Security Rant: Phishing Prevention and Mitigation

I think there are 3 parts to phishing defense.

1. Investigation

You have to gather statistics on the current state of the environment. Should the customer even invest in training or tools to prevent links from being clicked?  They won’t know until they run a campaign to find out how many users fall prey to typical phishing techniques.

I know companies that use Black Squirrel Labs (at Black Hat last year) for Phishing campaigns against employees.
Phishline, Wombat, and ThreatSim are all good too.  It’s really GUI preference and price at that point.

2. Security Awareness Training

Let’s be honest, for the most part security awareness training doesn’t work.  I know someone in operations at a large financial in NYC that says the employees there just click through the training to mark as finished and don’t actually learn.  Which leads to quarterly training on the same topics hoping that one day they’ll “get it”.

Whether it’s custom built training, in-house training, or canned training from solutions mentioned before, the rate of adoptions is VERY LOW.

Most employees don’t know that clicking on an email can subject them to Sony/Target like compromises.  They assume hackers are getting in with Mountain Dew and terminal screens, not through mistakes THEY are making.

What I’ve seen work in the industry is one on one or small group training with security professionals/consultants once you’ve identified the users who make the mistakes,.  It’s more time consuming, but it also portrays the significance of what they’ve done.

And let them know they’ve been targeted/singled-out because of previous behavior.  I guarantee you a lot of employees won’t be clicking on any more fax emails.  Not because of some security training they rushed through, but because they was “caught” and something “bad” happened because of it.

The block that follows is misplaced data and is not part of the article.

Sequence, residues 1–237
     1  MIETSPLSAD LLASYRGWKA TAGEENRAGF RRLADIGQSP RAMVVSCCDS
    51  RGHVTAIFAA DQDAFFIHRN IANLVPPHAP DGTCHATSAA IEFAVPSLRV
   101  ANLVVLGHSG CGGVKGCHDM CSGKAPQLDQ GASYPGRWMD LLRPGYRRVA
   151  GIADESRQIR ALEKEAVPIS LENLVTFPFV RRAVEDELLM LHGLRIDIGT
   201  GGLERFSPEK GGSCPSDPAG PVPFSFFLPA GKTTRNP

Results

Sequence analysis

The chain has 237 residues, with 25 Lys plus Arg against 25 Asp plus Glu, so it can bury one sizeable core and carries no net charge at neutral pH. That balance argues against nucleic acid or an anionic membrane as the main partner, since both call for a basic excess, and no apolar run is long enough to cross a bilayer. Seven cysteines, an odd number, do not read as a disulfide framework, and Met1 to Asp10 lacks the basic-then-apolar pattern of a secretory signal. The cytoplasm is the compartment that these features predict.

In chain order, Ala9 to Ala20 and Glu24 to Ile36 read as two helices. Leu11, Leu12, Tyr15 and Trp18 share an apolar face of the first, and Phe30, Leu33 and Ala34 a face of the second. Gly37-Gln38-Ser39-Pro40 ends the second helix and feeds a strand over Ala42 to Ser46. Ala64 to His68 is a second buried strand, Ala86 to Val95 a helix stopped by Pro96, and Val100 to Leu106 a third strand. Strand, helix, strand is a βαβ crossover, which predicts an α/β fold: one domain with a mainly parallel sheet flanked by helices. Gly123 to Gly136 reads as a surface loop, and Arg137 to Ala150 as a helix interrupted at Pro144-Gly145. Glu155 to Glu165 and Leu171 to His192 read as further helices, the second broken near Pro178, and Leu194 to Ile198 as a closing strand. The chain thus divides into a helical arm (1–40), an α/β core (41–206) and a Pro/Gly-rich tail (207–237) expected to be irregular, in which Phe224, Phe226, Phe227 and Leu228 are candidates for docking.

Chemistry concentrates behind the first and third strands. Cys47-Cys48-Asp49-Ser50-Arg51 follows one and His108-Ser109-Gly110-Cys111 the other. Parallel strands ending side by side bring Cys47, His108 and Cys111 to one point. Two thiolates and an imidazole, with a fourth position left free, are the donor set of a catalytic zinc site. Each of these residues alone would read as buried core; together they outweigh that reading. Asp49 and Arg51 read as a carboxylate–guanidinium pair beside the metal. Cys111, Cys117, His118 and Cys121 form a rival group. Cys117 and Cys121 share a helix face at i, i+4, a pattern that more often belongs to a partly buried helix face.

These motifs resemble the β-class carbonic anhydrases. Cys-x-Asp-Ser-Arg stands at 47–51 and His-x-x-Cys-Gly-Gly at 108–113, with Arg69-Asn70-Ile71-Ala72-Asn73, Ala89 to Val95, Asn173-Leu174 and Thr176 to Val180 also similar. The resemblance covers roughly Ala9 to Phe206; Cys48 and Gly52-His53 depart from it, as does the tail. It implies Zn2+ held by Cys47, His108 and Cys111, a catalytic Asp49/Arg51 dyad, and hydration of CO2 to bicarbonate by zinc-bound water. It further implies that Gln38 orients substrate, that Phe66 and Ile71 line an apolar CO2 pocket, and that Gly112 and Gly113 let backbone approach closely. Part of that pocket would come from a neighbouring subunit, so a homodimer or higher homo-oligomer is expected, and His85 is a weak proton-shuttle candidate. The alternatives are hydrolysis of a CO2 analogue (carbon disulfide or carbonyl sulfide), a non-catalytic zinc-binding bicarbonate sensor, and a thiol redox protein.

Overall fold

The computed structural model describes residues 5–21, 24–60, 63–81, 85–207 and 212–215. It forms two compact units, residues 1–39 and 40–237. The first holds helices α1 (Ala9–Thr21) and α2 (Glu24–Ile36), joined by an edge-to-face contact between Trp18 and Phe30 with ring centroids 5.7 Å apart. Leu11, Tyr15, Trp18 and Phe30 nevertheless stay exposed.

3. Phishing Prevention vs. Mitigation

This is where a mix of network, application, and endpoint security come in.  None of the threat simulation campaign solutions actually mitigate phishing.  They help prevent with awareness and knowledge, but they will always have holes.  We are all infallible humans.  This is where mitigation comes in.

Application security: 

The majority of phishing still comes from e-mail.  Products like Proofpoint, McAfee, FireEye, Trend Micro, IronPort are designed to filter out spam AND phishing.  But someone could embed a sophisticated fishing link and get by most of them.

Endpoint Security:

For the e-mails that make it through and EVERYTHING else.  Let’s face it, your users aren’t just checking their secure corporate e-mails.  They’re checking outlook.com, gmail.com, yahoo.com, and some people are still using AOL!  All of those links are making it to their computers and bypassing your application security.  Not to mention the Facebook, LinkedIn, and Twitter links everyone is clicking on.

This is where endpoint security comes in.  Traditional Antivirus (AV) solutions have evolved to check web creditability before allowing the browser to finish the HTTP GET.  Some of the big players in endpoint security with regards to phishing are: ESET, Sophos, Kaspersky, McAfee, Symantec, Trend Micro, and Palo Alto.

Network Security:

Most networks have deployed next-gen firewalls.  These firewalls are capable of anti-spam, anti-virus, and intrusion detection.Juniper, Fortinet, and Palo Alto lead the way in next-generation firewall phishing protection.

These security mechanisms go beyond checking for link safety.  They inspect the payload of packets on the network.  This way, even if a clicked phishing link makes it through application, and endpoint security, the dangerous payload won’t make it back to the user.


As with all security, a multi-layered and varied technological approach is always best.  Security against phishing is no different.

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